Quick peek into Base64

Hello Fellow readers and tech geeks. You all must have heard of this famous encoding scheme whether you are on the programming side or on RED Team Security side. Many of us have also seen base64 encoder-decoder on hackbars. So, lets continue the hunt down for BASE64.

What is BASE64 ?

Basically it is an encoding scheme which converts BINARY values ( 010110xx ) to human readable form ( ASCII -> abcdexx ) .

Why was BASE64 made?

So, back in the days when mailing system was built, it was basically just for text based conversation but as the time passed on, the need for attachments like the image and media files(audio,video) came into existence. When these types of attachments are sent over internet they are sent in the form of binary data. Binary data has a good probability of getting corrupt when sent over internet in its raw form. So, to overcome this problem BASE64 was introduced.

Problem with Raw Binary Data

The main problem with binary data is it contains null characters which in some languages like C,Python represent end of character string. So sending binary data in raw form containing NULL Bytes will result in stopping a file from being fully read , leading in a corrupt data. Now let’s dive into how BASE64 encoding works.

BASE64 encoding and decoding

ASCII TO DECIMAL

Note : Length of the string should be in multiple of 3.

Example 1 :

String to encode : “ace”, Length=3

1) Convert each character to decimal equivalent.

[a= 97]

[c= 99] [e= 101]

2) Change each decimal equivalent with 8-bit binary representation.

[97 =01100001] [99=01100011] [101=01100101] so we got [ 01100001 01100011 01100101 ]

3) Seperate them in a bunch of 6-bit each like

[011000 010110 001101 100101]

4) Calculate binary to decimal like this

[011000 = 24] [010110 = 22] [001101 = 13] [100101 =37]

5) Covert these decimal characters to base64 scheme using base64 chart

[24=Y] [22=W] [13=N] [37=l]

So “ace” results in “YWNl”

BASE 64 TABLE

Example 2 :

String to encode : “abcd” Length=4 which is not a multiple of 3. Here come padding in play. So to make string length multiple of 3 , we must add 2 bit padding to make length= 6. Padding bit is represented by “=” sign.

Note : One padding bit equals two zeroes 00 so two padding bit equals four zeroes 0000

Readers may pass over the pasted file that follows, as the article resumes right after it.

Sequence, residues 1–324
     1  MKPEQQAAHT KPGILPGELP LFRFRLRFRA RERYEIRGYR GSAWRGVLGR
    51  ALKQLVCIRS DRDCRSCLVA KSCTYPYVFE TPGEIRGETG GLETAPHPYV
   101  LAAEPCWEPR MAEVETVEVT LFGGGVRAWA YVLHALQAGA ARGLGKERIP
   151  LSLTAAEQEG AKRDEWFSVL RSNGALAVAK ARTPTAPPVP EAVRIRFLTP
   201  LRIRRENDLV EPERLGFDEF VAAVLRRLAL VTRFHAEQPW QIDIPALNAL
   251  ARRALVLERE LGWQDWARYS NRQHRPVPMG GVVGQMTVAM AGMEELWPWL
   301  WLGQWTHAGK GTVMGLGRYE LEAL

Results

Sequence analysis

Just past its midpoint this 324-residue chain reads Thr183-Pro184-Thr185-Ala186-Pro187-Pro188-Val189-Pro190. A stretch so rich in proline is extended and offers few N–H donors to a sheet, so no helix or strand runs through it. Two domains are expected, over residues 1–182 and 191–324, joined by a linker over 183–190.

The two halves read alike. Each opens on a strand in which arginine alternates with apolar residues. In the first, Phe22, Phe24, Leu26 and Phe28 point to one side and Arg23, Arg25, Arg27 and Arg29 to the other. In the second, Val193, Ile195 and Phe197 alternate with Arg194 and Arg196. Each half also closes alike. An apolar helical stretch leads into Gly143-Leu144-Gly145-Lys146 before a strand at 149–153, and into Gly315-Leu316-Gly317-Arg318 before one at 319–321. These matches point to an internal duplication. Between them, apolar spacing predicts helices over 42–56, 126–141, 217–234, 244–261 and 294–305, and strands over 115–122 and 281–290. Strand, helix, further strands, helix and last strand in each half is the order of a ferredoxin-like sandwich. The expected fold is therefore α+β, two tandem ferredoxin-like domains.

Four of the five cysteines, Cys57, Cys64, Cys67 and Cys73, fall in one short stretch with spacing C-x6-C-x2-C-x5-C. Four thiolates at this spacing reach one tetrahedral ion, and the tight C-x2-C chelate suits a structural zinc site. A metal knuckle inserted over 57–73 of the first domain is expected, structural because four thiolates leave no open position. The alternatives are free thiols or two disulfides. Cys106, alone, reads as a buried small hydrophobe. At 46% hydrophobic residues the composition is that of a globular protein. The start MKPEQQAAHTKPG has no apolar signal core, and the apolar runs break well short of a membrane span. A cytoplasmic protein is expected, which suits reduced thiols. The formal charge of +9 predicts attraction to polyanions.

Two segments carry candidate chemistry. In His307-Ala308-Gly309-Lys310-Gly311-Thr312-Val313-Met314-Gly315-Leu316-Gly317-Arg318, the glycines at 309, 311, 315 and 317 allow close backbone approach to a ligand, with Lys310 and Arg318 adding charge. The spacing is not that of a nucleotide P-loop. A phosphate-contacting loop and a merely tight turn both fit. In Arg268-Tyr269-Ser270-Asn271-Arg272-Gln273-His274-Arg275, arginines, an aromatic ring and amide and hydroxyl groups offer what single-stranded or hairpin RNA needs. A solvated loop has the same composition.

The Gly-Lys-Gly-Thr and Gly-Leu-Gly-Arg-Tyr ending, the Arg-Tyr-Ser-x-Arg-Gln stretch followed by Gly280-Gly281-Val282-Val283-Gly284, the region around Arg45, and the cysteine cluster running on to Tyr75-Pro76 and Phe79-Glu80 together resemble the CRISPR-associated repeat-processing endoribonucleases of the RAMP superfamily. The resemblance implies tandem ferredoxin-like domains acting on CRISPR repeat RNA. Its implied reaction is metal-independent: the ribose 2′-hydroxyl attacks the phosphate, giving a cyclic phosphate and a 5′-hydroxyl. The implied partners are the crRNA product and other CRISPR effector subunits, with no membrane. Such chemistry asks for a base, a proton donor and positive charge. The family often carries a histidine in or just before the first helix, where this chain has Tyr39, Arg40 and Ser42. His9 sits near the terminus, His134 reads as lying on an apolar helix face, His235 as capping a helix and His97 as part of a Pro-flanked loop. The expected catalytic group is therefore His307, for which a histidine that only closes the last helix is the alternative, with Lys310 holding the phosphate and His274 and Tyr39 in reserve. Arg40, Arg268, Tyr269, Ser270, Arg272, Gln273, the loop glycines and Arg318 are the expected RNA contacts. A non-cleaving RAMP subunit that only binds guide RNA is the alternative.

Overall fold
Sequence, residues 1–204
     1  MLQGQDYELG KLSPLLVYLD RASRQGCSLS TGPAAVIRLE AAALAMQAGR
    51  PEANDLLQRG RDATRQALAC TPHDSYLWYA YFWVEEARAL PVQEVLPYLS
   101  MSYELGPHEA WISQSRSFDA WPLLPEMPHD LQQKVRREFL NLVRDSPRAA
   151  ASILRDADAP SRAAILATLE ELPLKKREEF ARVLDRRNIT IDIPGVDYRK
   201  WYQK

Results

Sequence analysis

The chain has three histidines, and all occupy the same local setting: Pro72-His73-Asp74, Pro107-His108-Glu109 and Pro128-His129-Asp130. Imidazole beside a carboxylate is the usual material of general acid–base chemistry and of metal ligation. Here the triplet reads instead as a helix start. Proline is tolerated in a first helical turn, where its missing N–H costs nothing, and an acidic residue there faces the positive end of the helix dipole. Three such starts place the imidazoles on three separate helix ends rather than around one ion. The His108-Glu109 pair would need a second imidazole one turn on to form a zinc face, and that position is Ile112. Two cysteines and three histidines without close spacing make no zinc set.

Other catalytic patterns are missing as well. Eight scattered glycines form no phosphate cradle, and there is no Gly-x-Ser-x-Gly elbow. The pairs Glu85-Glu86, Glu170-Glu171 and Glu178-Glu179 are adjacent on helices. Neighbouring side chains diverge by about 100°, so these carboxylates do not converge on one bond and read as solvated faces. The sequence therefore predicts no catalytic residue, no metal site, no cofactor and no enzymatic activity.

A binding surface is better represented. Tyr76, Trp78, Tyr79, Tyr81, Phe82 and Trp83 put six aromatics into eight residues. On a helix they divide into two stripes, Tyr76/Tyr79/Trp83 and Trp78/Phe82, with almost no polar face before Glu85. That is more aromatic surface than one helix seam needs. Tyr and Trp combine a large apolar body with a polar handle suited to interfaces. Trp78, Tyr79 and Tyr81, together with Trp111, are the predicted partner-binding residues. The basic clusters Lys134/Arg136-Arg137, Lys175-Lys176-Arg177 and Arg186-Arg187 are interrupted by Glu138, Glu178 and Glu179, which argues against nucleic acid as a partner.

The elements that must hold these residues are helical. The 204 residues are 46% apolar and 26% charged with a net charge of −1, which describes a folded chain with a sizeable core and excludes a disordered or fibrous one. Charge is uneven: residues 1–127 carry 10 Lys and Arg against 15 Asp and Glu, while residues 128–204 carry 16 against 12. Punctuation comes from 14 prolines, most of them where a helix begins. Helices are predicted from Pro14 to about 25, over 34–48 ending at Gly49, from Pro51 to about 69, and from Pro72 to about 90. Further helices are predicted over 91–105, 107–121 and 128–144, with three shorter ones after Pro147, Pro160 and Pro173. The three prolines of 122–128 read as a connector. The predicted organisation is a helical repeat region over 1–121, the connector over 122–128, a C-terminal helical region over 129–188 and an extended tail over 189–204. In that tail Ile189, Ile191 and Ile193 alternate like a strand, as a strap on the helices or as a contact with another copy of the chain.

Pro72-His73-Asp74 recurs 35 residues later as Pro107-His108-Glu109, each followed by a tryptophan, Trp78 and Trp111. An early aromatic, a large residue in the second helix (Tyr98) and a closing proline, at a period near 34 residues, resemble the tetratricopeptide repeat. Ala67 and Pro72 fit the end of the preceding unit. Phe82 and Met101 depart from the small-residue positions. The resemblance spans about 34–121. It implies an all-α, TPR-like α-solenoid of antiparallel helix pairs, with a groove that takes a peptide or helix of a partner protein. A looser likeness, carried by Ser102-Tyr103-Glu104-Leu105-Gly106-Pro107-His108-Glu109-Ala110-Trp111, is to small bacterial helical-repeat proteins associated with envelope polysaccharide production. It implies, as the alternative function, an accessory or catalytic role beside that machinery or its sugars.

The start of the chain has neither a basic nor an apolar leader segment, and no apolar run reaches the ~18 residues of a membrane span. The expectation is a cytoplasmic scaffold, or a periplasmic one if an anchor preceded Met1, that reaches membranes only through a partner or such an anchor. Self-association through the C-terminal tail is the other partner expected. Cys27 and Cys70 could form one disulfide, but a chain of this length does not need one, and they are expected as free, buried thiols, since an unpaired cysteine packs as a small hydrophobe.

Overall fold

So lets start the process :–

1) Convert each character to decimal equivalent.[a= 97] [b= 98] [c= 99] [d=100]

2) Change each decimal equivalent with 8-bit binary representation.

[97=01100001] [98=01100010] [99=01100011] [100=01100100]

3) Separate them in a bunch of 6-bit each like

[011000] [010110] [001001] [100011] [011001] [00]
,

so the last 6-bit is not fulfilled so we insert two padding bit which equals four zeroes “0000” now we get

[011000] [010110] [001001] [100011] [011001] [000000 ==]
,

now its equal. We also added two equals sign at the end to show that 4 zeroes were added which will help in time of decoding.

4) Calculate binary to decimal

Reversing the steps will result in BASE64 decoding.

[011000 =24] [010110 =22] [001001 = 9] [100011=35] [011001=25] [000000=0] ==

5) Covert these decimal characters to base64 scheme using base64 chart

[24=Y] [22=W] [9=j] [35=j] [25=Z] [0=A] ==

So “abcd” results in “YWJjZA==”

Encoding with and without multiple of 3

Does BASE64 help compress ?

So, the base64 representation of string of size n is : ceil(n/3)*4 where n is size of string

Lets takes string size =16 KB. By putting in formulae ceil (16*1024/3)4 will result in 21.8 KB. We clearly see that it is increasing the file size , so base64 doesn’t help in compression.

3 thoughts on “Quick peek into Base64

  1. Its such as you read my thoughts! You seem to grasp so much about this, such as you wrote the e-book in it or something. I think that you simply could do with a few percent to power the message house a little bit, however other than that, that is magnificent blog. A great read. I’ll certainly be back.

    1. This is the best comment ever. We are very happy that you find the post informative and easy to understand. We will publish more posts in the upcoming week. Leave your suggestions here for the next posts.

      Thank You Sir

Leave a Reply

Your email address will not be published. Required fields are marked *